If there's one constant investors have faced over the past few months, it's been volatility. The swings have been downright wild at times, as headlines about one debt crisis after another and increased computer-driven trading systems around the world sent markets whip-sawing.
The benchmark index of the TSX recorded gains or losses of at least 200 points on 20 trading days in the three months ending Nov. 30. In one September week, the index lost 925 points, or almost 7.5 per cent. On one day (Sept. 22), the range between the high and low readings for the index was a stunning 535 points – or almost five per cent of the index.
The peaks and valleys were often even more pronounced in New York, where the Dow Jones industrial average moved more than 400 points on four consecutive trading days in September.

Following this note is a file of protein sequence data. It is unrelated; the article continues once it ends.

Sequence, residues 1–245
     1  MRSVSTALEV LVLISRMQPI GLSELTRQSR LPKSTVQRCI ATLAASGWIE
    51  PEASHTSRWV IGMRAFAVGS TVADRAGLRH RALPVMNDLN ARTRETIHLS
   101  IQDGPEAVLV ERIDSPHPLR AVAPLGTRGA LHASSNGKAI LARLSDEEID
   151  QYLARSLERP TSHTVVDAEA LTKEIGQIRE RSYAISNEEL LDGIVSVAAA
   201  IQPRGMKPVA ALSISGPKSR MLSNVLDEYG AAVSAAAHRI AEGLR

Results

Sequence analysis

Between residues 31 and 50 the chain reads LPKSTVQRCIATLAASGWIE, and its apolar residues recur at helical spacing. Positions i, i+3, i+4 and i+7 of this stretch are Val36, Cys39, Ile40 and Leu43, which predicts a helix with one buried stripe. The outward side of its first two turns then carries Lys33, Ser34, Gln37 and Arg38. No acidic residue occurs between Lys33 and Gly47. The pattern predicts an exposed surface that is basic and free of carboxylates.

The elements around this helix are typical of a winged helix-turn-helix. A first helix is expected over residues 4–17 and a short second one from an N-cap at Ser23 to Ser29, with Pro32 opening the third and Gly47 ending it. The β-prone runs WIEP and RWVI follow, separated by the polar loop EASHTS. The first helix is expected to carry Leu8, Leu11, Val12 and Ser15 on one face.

Sharp moves like that have prompted some nervous investors to sell equities and move to the sidelines.
Mutual fund industry figures show that Canadians lightened up on their equity fund holdings by $9.25 billion during the first 11 months of the year. More than a third of that selling took place in October and November.
The bad news is that experts say the big jumps up and down aren't likely to go away any time soon.
"I think volatility is here to stay," says Marc Lamontagne, a certified financial planner at Ryan Lamontagne Inc. in Ottawa. "It's the new normal."
It's the sharp market drops that really bother investors, he says, citing research that the pain of a down market is felt twice as much as the joy of an up market.
So how are investors supposed to cope with a market that seems hell-bent on scaring the pants off them and their portfolios? Here are some strategies the experts suggest.
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